War of the Rebellion: Serial 006 Page 0197 Chapter XV. CORRESPONDENCE, ETC. - UNION.

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Broad Creek. On hailing and receiving no reply they fired upon the boat, when considerable confusion ensued, the boat turning and rowing rapidly back.

On Saturday I made a reconnaissance of Pinckney Island and vicinity. From Muddy Point, the western extremity of the island, I saw the rebel picket at Topping Landing, on the main, scarcely a rifle-shot distance. From negroes who came over that day I found that they have mounted pickets at Fort Point, 3 miles above Topping Landing, at the junction of Mackay's Creek and Broad River; also at Hog Bluff, 1 mile below Topping Landing; at Buckingham, or Ferry Landing, and on Hunting Island, so called - in reality a peninsula, extending into Skull Creek in a northeasterly direction from Bluffton.

On Monday I reconnoitered Bull's Island. There is a large quantity of corn and cotton there, about 200 head of cattle, and 100 sheep; also a small steam-engine, in good repair, of about 8-inch cylinder and 18-inch stroke. I learned that the rebels constantly come over in the night, in small parties, and carry off the stock. Negroes are constantly coming from the main, and report the rebel force in and about Bluffton to be 400, two companies of which are infantry, composed mostly of boys and old men; the remainder mounted.

On Tuesday night John and Rollin Kirk, brothers, and a Mr. Pinckney, landed on Pinckney Island, for the purpose of taking off the stores; but the negroes getting off in boats and raising an alarm, they left the island without accomplishing their object.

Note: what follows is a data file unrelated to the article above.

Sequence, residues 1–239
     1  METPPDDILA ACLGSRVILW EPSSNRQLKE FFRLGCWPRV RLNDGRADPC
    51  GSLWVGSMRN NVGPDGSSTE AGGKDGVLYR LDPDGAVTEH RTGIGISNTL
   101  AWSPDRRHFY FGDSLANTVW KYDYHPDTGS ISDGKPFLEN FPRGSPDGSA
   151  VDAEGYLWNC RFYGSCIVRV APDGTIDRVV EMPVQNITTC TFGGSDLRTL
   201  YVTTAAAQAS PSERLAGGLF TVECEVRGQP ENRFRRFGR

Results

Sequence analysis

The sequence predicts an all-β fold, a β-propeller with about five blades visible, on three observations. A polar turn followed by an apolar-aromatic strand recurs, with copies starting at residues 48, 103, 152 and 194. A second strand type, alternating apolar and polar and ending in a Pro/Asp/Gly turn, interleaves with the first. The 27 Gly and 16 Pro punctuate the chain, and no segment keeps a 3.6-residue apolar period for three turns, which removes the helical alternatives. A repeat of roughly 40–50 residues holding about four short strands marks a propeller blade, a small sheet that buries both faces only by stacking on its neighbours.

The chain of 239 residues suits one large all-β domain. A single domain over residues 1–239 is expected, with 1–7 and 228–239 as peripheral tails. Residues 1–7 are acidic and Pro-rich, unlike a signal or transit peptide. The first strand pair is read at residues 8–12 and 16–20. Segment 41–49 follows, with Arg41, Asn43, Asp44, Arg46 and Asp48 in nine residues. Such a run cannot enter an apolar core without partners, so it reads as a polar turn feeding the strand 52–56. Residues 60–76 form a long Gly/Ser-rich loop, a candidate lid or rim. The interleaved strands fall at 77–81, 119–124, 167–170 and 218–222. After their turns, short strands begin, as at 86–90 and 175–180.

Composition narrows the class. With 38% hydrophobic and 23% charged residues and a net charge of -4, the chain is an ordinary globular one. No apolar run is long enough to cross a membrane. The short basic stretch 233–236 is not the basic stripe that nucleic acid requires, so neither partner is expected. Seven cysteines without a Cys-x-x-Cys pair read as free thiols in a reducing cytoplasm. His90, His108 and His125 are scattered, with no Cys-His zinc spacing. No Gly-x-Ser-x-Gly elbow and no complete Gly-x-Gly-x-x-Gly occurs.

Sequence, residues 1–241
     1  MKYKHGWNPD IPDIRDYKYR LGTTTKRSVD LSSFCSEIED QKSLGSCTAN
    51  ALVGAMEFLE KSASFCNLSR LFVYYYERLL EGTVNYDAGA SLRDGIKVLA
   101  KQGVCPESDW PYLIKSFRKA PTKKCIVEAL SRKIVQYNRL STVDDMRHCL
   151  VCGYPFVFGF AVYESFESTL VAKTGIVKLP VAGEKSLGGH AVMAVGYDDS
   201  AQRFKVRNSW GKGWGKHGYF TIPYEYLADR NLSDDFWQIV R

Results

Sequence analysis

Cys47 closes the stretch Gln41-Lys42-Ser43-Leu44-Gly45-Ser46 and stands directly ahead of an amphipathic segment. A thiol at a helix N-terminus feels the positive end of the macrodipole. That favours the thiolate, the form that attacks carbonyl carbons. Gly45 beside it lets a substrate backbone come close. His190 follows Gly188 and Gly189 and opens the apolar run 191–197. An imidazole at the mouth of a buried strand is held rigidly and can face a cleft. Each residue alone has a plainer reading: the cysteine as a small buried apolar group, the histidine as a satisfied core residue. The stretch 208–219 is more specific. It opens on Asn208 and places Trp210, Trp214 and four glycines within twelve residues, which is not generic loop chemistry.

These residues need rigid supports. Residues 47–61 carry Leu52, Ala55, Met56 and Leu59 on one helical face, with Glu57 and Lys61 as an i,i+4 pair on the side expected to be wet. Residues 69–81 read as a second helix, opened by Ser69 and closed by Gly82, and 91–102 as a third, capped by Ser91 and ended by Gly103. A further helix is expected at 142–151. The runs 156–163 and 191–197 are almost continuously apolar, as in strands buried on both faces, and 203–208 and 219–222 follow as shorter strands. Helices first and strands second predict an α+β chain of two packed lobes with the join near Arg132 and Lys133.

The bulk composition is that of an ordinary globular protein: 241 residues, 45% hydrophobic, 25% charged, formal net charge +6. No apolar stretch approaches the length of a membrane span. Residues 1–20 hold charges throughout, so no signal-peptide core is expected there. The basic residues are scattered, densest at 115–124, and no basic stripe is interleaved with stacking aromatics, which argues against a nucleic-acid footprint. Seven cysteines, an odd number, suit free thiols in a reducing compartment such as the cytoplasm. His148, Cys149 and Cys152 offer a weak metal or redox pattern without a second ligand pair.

Very respectfully, your obedient servant,


Major, Commanding Detachment.


Beaufort, S. C., December 8, 1861.

Brigadier General THOMAS W. SHERMAN,

Commanding Expeditionary Corps, Hilton Head, S. C.:

GENERAL: At 8.30 o'clock I moved forward towards the ferry with Hammilton's section, under Lieutenant Ransom, and 600 infantry. Captain Burket is now proceeding cautiously, with 100 men, in the same direction, and is about 4 miles from this point. My information is that the enemy are on the island, with 140 cavalry and 100 infantry. It is reported that Captain Barmode was wounded in the arm in the affair of pickets night before last.

I am, sir, very respectfully, your most obedient servant,


Brigadier-General, Commanding.


Beaufort, S. C., December 8, 1861.

Lieutenant Colonel BRENHOLTS,

Commanding Detachment, Port Royal Ferry:

SIR: In command of the three companies of the Fiftieth Pennsylvania Regiment which have been assigned to you, you will move at 5 o'clock to-morrow morning, proceed to Port Royal Ferry, and relieve Lieutenant-Colonel Armstrong, now stationed there. Tents will not be required, as